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# Literals

Often, a new object is initialized with a literal value, such as `val book = "Programming Scala"`. Let’s discuss the kinds of literal values supported by Scala. Here, we’ll limit ourselves to lexical syntax literals. We’ll cover literal syntax for functions (used as values, not member methods), tuples, and certain types like `Lists` and `Maps` as we come to them.

## Integer Literals

Integer literals can be expressed in decimal, hexadecimal, or octal. The details are summarized in Table 2-1.

Table 2-1. Integer literals

KindFormatExamples

Decimal

0 or a nonzero digit followed by zero or more digits (0–9)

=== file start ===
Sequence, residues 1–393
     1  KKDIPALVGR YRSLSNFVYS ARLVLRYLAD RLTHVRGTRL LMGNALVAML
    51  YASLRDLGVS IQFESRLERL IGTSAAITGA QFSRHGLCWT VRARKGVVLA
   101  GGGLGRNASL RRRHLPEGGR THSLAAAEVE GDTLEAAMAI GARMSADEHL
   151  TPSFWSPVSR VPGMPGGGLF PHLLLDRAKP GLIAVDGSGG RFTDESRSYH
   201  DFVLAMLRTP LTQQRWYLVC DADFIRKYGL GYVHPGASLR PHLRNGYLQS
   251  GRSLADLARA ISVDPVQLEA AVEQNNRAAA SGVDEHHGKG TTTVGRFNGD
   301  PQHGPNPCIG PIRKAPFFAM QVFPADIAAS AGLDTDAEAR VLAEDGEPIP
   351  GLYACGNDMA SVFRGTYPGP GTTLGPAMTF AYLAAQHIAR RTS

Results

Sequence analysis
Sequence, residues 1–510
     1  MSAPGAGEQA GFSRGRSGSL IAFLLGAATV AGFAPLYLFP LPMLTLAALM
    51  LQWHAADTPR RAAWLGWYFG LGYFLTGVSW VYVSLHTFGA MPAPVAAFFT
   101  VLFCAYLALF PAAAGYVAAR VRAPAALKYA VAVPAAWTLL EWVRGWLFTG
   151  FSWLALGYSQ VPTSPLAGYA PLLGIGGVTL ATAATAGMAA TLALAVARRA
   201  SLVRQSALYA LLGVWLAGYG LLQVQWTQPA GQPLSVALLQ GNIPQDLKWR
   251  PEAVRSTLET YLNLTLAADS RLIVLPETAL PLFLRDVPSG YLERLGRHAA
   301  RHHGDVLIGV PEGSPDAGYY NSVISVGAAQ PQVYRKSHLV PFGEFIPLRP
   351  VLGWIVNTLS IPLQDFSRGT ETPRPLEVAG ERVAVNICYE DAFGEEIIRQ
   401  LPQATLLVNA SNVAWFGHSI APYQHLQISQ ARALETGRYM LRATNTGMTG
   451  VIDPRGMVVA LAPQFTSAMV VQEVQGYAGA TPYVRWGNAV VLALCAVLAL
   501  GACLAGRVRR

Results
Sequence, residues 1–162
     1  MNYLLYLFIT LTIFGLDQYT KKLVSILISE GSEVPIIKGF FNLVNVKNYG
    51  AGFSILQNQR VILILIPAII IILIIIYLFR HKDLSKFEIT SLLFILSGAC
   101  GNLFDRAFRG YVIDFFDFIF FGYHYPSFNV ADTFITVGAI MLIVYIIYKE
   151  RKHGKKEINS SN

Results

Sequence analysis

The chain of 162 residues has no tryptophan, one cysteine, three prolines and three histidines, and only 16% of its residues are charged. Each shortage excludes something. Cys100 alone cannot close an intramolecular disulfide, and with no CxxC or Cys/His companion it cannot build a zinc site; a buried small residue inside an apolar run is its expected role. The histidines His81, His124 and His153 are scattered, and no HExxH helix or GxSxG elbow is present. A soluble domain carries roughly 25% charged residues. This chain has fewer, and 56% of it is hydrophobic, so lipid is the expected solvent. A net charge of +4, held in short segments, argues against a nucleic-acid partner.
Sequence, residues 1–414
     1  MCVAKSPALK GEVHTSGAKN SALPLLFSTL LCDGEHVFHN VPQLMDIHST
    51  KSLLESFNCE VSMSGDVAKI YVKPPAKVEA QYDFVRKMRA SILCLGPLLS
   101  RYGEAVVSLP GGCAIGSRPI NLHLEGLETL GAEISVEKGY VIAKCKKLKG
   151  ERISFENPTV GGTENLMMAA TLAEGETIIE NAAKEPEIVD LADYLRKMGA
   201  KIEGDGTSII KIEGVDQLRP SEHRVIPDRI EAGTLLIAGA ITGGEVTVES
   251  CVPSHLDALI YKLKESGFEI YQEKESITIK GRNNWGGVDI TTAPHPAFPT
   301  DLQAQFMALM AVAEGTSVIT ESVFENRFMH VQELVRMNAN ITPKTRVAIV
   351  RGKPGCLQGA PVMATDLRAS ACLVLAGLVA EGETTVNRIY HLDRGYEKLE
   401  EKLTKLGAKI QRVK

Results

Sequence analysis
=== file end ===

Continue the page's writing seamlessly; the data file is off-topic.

0, 1, 321

0x followed by one or more hexadecimal digits (0–9, A–F, a–f)

0xFF, 0x1a3b

Octal

0 followed by one or more octal digits (0–7)

013, 077

For `Long` literals, it is necessary to append the `L` or `l` character at the end of the literal. Otherwise, an `Int` is used. The valid values for an integer literal are bounded by the type of the variable to which the value will be assigned. Table 2-2 defines the limits, which are inclusive.

Table 2-2. Ranges of allowed values for integer literals (boundaries are inclusive)

Target typeMinimum (inclusive)Maximum (inclusive)

`Long`

−263

263 − 1

`Int`

−231

231 − 1

`Short`

−215

215 − 1

`Char`

0

216 − 1

`Byte`

−27

27 − 1

A compile-time error occurs if an integer literal number is specified that is outside these ranges, as in the following examples:

`scala > val i = 12345678901234567890 <console>:1: error: integer number too large val i = 12345678901234567890 scala> val b: Byte = ...`

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